Should DHS do more with DMARC data?
- By Derek B. Johnson
- Sep 11, 2018
The federal government is nearing an Oct. 16 deadline to comply with a Department of Homeland Security directive on email and website security. One U.S. Senator believes that date should mark the beginning -- not the end -- of the department's work with the trove of data that the order has produced.
Last year, DHS issued a binding operational directive requiring federal agencies to implement a series of tools to protect public-facing federal websites and email from spoofing. One of those tools, Domain Message Authentication Reporting and Conformance, allows agencies to better identify and reject fraudulent emails designed to look they are coming from legitimate government addresses.
That directive gave agencies one year to implement the highest level of DMARC protections and establish a channel for sending regular reports to DHS.
In an Aug. 2 letter Sen. Ron Wyden (D-Ore.) asked National Protection and Programs Directorate what, if anything, it plans to do with all the data agencies are sending their way.
"I would like to understand what steps DHS has taken to analyze this information and turn it into actionable cyber intelligence," Wyden wrote.
In an Aug. 31 letter obtained by FCW, NPPD Undersecretary Christopher Krebs told Wyden the department has not yet developed a plan to make use of agency DMARC reporting.
"Currently, DHS has not implemented analysis of the DMARC reports," wrote Krebs. "As agencies implement and submit their reports to DHS, we are collecting data in a common format for future analysis."
DHS isn't required to analyze the data, but Wyden, who was calling for DHS to implement enhanced DMARC protections before the directive was developed, believes it's the next logical step in safeguarding federal networks.
"I am disappointed to see that DHS has yet to analyze any of the reports generated when hackers attempt to send emails impersonating federal agencies," said Wyden in a statement to FCW. "These reports are a source of useful information that DHS should be using to go after hackers and prevent future attacks. Instead, the reports are sitting unread."
He pointed to the National Cyber Security Centre in the U.K. as a model for DHS to follow. After the NCSC instituted similar policies across the government in 2016, it set up a central system to receive and synthesize agency DMARC reporting to gain better insight into the frequency and tactics behind malicious email attacks on government networks.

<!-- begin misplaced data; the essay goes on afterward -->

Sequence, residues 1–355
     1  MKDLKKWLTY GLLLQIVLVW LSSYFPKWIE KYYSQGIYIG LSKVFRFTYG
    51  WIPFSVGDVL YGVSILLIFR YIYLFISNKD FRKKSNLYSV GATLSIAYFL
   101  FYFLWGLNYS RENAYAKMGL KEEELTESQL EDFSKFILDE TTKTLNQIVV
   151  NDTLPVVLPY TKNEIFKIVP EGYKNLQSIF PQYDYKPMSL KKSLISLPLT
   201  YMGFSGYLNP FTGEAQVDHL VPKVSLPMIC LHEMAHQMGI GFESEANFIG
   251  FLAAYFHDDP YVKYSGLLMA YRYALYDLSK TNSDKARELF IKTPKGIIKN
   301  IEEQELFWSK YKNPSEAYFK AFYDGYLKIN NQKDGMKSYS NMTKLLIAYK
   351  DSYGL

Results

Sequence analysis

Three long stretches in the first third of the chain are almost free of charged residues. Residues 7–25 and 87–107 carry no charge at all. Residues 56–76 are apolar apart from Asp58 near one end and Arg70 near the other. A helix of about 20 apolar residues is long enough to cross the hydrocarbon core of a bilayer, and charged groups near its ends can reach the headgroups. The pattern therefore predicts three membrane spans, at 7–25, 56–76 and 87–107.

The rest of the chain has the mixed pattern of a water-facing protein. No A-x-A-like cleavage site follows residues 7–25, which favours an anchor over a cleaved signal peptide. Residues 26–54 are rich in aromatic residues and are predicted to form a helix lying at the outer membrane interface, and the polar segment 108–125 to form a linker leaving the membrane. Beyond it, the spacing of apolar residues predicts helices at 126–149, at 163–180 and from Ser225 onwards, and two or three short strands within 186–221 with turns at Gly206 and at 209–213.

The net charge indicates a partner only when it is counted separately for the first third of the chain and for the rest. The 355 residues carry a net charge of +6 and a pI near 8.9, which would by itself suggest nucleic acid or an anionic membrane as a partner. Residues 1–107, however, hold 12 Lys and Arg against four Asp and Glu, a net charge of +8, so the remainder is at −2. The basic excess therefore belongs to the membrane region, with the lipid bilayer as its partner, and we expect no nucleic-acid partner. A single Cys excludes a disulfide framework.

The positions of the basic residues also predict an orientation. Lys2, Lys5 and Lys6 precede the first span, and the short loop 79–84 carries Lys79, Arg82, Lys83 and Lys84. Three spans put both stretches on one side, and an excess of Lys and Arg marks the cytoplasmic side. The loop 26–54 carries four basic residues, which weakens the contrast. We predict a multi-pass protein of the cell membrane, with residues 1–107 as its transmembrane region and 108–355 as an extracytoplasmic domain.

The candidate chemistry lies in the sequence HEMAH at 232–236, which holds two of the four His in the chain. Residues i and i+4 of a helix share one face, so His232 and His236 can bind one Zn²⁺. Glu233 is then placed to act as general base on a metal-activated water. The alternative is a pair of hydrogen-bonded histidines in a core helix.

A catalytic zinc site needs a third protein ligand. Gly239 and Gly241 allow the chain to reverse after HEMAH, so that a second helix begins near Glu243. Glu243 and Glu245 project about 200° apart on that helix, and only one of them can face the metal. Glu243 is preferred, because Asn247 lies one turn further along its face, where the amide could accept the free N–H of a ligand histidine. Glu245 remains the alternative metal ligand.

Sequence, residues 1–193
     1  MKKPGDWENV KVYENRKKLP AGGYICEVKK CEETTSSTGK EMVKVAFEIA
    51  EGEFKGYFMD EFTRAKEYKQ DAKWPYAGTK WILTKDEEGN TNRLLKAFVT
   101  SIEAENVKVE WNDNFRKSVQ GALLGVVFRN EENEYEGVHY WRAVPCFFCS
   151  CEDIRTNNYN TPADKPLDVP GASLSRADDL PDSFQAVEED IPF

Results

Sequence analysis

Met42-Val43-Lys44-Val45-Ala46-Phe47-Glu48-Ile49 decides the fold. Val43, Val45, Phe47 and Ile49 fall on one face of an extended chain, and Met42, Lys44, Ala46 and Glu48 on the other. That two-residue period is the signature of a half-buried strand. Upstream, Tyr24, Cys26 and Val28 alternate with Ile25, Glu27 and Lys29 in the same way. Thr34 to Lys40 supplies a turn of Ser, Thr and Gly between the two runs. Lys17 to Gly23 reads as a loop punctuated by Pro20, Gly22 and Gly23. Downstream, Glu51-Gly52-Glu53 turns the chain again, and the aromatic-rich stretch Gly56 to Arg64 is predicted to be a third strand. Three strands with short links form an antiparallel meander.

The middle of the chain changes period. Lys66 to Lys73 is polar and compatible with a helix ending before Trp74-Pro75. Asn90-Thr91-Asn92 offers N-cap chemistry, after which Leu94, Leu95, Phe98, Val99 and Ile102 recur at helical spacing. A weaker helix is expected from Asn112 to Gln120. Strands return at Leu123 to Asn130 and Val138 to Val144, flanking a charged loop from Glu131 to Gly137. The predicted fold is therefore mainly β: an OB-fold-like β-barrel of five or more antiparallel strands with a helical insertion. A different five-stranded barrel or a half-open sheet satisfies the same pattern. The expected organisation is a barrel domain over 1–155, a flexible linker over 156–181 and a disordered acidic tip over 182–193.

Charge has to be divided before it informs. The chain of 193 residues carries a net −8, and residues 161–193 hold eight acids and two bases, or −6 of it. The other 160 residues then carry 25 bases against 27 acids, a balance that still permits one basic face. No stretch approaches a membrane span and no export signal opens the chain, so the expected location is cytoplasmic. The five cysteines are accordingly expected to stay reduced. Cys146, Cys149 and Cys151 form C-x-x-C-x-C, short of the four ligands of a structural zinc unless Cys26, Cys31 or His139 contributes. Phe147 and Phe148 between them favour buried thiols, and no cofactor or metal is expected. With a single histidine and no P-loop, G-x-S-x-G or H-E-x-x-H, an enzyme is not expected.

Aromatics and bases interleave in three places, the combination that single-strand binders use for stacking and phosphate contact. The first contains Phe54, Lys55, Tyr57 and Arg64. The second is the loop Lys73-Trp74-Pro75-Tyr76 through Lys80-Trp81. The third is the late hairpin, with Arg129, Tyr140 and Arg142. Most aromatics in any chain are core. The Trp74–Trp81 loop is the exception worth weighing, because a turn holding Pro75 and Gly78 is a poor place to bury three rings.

In February 2018, the British agency released a report detailing some of the insights gleaned from its data analysis, finding that it identified "a number of complications -- both technical and driven by adversary behavior – around implementing DMARC at a national level."
For example, U.K. agencies initially faced tens of millions of spoofed email attacks every month. While analyzing the data, NCSC noticed that the frequency of spoofed email attacks dropped considerably since they began collecting the data, indicating just how quickly hackers were dropping the tactic in response to hardened government defenses.
Wyden believes those kinds of insights can help the U.S. government more quickly respond to shifts in adversary tactics and prioritize or reallocate cybersecurity resources. He expressed disappointment that DHS has not yet moved to do the same.
First, though, DHS must actually get agencies to send in their data.
In Krebs' letter to Wyden, he wrote that "64 percent of agencies are over 80 percent compliant" in enabling automatic transmission of DMARC reports to DHS. A department spokesperson clarified to FCW that as of Aug. 31, 63 of the 99 agencies being tracked had at least 80 percent of their domains sending DMARC reports to DHS. That number has bumped up to 71 as of Sept. 11. Overall, 56 agencies are 100 percent compliant with sending DMARC reports, meaning 44 percent aren't finished less a little more than a month out from the Oct. 16 deadline.
Following a Sept. 11 speech, Matthew Travis, deputy undersecretary of NPPD, told FCW that DHS is currently focusing all of its energy on getting agencies to fully comply with Directive 18-01. The final months before the Oct. 16 deadline will be "a rush to the finish line" for some departments, but Travis said that officials are actively thinking about how to make better use of DMARC reporting.
In June, the department had discussions with members of the Global Cyber Alliance to figure out "how we can do more with [DMARC data] and how we can promote greater adoption of it," including for government contractors, he said. "We're thinking about it, that's as far as I can talk about at this point," said Travis. "It is a priority and we're looking at a number of ways for how we can do it."
Derek B. Johnson is a senior staff writer at FCW, covering governmentwide IT policy, cybersecurity and a range of other federal technology issues.
Prior to joining FCW, Johnson was a freelance technology journalist. His work has appeared in The Washington Post, GoodCall News, Foreign Policy Journal, Washington Technology, Elevation DC, Connection Newspapers and The Maryland Gazette.
Johnson has a Bachelor's degree in journalism from Hofstra University and a Master's degree in public policy from George Mason University. He can be contacted at firstname.lastname@example.org, or follow him on Twitter @derekdoestech.
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